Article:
Is Plant-Based Eating Healthy for Kids?

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Acouple years ago, everyone from your neighbor to your mom was talking about the ketogenic diet. These days, everyone seems to be going plant-based, and it’s an eating style that’s proving to be more than a passing trend.

If you’re a parent, the next natural question after going plant-based yourself is if this eating style works for the whole fam. Toddlers, school-age kids, and high schoolers all have different dietary needs from each other as well as from adults. Stanford professor and pediatrician Lisa Patel, MD, says that she’s been asked so much if plant-based eating is safe for kids that she is now currently proposing a set of guidelines to the American Academy of Pediatrics that parents should be aware of when following this way of eating.

Unlike the vegan diet, which eschews animal products completely, plant-based eating is more nuanced. Meat can still be eaten if desired (it’s just not the focus of the meal) and other animal products like dairy and eggs are still on the table. However, plant foods (including vegetables, grains, nuts, seeds, and fruit) are the main focus of most meals.

The eating plan’s flexibility is exactly why pediatric registered dietitian Jennifer Hyland, RD, is a fan. “As a pediatric dietitian, I prefer plant-based eating to vegan or vegetarianism because it does still leave room for meat,” she says. That said, she says kids need a lot less meat than some may think. While both Hyland and Dr. Patel say plant-based eating can be safe for kids—great, in fact—they do say there are some pitfalls and nutrient needs to be extra mindful of.

The pros of a plant-based diet for kids

Both Dr. Patel and Hyland say that there are some definite benefits of a plant-based diet for kids of all ages. One biggie: It typically means more veggies, which is particularly important for kids. “Most children aren’t getting the amount of vegetables that they should be eating,” Dr. Patel says. According to the U.S. Department of Agriculture (USDA), 90 percent of people in the U.S. (including kids) don’t get enough vegetables in their diet and 80 percent of people don’t eat enough fruit. The current 2020-2025 U.S. Dietary Guidelines recommend that children ages 2 to 18 eat between one to two-and-a-half cups of vegetables per day (depending on overall calorie intake) and between one and two cups of fruit a day (again, depending on overall caloric intake).

Hyland says many of the parents who ask her about plant-based eating for kids are primarily worried about protein. She says this isn’t something to worry too much about, not only because there are plenty of non-meat protein sources for kids, but they also don’t need as much protein as many might think. “For toddlers, if they’re drinking two cups of milk a day and having just a little bit of meat, their protein needs are being met,” she says. Hyland adds that school-age kids need four ounces of protein a day and teens need five or six ounces a day. “Besides meat, nuts, seeds, beans, legumes, and tofu are all great protein sources for kids,” she says.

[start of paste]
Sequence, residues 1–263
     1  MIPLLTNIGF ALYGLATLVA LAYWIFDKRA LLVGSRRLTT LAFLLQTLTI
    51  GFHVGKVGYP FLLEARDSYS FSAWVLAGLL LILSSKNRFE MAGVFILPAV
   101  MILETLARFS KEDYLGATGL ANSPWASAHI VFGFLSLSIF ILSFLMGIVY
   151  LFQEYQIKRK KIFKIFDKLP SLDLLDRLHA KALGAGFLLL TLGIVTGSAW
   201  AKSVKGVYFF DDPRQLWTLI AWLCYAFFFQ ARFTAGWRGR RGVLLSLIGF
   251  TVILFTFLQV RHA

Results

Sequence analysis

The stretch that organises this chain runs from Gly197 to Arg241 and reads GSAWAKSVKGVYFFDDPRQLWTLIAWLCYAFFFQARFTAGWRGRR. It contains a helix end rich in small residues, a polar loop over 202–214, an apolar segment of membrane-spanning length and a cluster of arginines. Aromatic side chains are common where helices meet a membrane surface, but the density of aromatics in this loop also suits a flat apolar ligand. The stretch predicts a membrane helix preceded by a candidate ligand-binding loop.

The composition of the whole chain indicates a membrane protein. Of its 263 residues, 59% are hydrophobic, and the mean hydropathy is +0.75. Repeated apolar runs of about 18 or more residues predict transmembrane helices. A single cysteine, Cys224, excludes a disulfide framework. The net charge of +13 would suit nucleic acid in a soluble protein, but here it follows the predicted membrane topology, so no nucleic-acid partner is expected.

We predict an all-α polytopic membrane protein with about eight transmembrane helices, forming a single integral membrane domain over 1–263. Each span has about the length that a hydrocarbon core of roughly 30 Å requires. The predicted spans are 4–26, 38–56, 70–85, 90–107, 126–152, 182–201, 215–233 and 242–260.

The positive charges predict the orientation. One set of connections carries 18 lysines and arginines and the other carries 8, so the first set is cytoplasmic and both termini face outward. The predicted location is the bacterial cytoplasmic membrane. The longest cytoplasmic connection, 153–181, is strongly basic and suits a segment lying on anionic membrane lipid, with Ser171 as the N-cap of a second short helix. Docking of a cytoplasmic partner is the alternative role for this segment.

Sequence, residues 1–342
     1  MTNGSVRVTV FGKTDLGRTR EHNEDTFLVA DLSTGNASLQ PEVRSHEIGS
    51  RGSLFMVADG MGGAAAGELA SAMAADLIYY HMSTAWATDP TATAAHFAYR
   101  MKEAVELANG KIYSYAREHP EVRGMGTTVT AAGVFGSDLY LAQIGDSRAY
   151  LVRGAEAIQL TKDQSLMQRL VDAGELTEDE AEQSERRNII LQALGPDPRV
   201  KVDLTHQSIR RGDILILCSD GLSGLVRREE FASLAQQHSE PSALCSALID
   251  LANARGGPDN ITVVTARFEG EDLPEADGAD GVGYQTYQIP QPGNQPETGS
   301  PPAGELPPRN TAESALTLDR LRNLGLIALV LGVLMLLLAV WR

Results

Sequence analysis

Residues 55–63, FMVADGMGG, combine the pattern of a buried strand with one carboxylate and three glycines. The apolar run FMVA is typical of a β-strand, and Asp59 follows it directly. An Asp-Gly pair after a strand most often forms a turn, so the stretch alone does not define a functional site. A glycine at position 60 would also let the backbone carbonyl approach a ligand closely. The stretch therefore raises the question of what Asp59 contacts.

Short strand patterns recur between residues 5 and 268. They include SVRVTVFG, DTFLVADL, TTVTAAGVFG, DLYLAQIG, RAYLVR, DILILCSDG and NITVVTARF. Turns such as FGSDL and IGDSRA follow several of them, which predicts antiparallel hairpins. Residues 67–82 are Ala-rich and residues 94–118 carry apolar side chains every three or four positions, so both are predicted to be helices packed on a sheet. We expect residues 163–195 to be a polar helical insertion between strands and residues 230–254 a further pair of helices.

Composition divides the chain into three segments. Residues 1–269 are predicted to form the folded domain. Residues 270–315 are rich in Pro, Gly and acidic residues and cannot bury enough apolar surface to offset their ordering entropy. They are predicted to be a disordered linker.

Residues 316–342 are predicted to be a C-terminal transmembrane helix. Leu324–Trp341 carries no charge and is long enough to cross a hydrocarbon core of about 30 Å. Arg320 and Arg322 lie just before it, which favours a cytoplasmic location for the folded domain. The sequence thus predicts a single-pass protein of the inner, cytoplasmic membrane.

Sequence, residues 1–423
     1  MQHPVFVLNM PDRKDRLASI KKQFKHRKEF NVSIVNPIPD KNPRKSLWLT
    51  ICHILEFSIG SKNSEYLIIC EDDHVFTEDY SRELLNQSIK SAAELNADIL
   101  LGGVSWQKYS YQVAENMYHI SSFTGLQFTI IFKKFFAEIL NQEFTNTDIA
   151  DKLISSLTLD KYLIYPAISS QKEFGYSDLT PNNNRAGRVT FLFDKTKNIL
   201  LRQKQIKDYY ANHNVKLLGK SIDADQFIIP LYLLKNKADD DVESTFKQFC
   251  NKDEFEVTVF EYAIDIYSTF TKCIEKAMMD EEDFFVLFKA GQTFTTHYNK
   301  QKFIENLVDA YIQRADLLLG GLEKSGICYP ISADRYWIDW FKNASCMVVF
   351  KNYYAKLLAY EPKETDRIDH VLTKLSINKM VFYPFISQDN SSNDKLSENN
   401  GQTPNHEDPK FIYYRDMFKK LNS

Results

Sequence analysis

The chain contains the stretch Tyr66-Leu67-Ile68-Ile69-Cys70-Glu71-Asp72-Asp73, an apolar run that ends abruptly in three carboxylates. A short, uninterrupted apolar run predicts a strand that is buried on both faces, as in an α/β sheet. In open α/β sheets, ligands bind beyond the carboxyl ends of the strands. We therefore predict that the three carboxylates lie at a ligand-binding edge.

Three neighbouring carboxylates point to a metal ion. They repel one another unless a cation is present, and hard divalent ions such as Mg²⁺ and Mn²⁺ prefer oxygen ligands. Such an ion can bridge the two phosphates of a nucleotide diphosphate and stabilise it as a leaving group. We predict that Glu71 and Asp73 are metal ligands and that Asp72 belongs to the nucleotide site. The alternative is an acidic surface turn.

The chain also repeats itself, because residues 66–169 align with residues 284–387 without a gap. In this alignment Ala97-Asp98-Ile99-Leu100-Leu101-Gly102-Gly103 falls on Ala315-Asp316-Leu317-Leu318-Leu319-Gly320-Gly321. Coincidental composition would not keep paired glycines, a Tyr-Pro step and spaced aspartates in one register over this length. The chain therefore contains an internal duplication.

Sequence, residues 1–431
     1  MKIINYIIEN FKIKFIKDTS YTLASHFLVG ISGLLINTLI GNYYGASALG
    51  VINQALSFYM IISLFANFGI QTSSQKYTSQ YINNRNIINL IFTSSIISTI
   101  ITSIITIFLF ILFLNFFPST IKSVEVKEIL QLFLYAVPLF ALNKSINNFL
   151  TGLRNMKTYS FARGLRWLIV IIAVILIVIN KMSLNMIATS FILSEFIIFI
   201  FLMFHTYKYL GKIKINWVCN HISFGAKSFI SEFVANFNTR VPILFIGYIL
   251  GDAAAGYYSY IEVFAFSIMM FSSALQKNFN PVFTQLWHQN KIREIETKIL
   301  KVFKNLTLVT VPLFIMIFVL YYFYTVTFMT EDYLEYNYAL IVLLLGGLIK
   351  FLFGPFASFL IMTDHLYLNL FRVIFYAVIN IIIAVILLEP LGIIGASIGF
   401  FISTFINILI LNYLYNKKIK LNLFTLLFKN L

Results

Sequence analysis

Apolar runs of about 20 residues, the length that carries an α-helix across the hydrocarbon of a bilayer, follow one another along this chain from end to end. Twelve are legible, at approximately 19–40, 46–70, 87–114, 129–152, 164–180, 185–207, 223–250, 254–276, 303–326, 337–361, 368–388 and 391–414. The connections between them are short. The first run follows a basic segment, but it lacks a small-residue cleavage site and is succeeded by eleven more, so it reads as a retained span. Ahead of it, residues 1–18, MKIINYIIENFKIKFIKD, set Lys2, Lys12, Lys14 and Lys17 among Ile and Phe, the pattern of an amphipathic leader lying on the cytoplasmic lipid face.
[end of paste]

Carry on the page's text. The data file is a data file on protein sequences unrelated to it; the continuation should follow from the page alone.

Here are some other plant-based protein sources that an RD loves:



“The main thing to keep in mind—for both adults and kids—is that a diet should be balanced with fiber, protein, carbohydrates, and fats,” Dr. Patel says. She adds that the beauty of plant-based eating is that this well-roundedness often happens naturally when following the eating plan. Beans, for example, are a good source of both fiber and protein. Similarly, peanut butter is both high in protein and healthy fats.

Both experts emphasize that choosing nutrient-rich whole foods instead of nutrient-poor, heavily processed foods is what’s most important to keep in mind, regardless of what eating plan you follow. Since plant-based eating is crafted around these types of nutrient-rich foods, following the eating style could make this easier.

What to be extra mindful of when following plant-based eating as a family

While both experts say plant-based eating can certainly be healthy for kids, they do say there are some nutrient needs to be extra mindful of. One is vitamin B-12, which is primarily found in meat, and is important for energy production and mood. According to the National Institute of Health, kids need between .4 micrograms and 2.4 micrograms of vitamin B-12 a day, the latter of which can be found in four ounces of meat or fish (the size of a deck of cards). But Hyland says families that don’t eat meat or fish every day can also turn to some fortified cereals for the nutrient. “If your child really isn’t eating meat or fish at all, you may want to consider a vitamin B-12 supplement,” she adds.

Another nutrient Hyland says parents should be mindful of is iron, which is essential for transporting oxygen through the body. Kids need between 11 milligrams to 15 milligrams of iron a day. “Meat is often a primary source of iron, but it can also be found in beans, broccoli, and some fortified cereals,” she says.

Vitamin D—which supports bone and tooth growth, affects your mood, and more—is another tough nutrient to get without animal products. If dairy and eggs are still part of your family’s plant-based eating plan, Hyland says your child’s vitamin D needs should be covered, but if you don’t have any milk or eggs in the fridge, that’s another nutrient to be mindful of. “Most alternative milks are not good sources of vitamin D because they’re made primarily of water,” she says. Just like adults, kids need 600 microunits of vitamin D a day. Spending 10 to 30 minutes in the sun a day should get you there, but if you live in a place that isn’t particularly sunny, you may want to consider a vitamin D supplement for your child, if you plan on staying a milk- and egg-free home.

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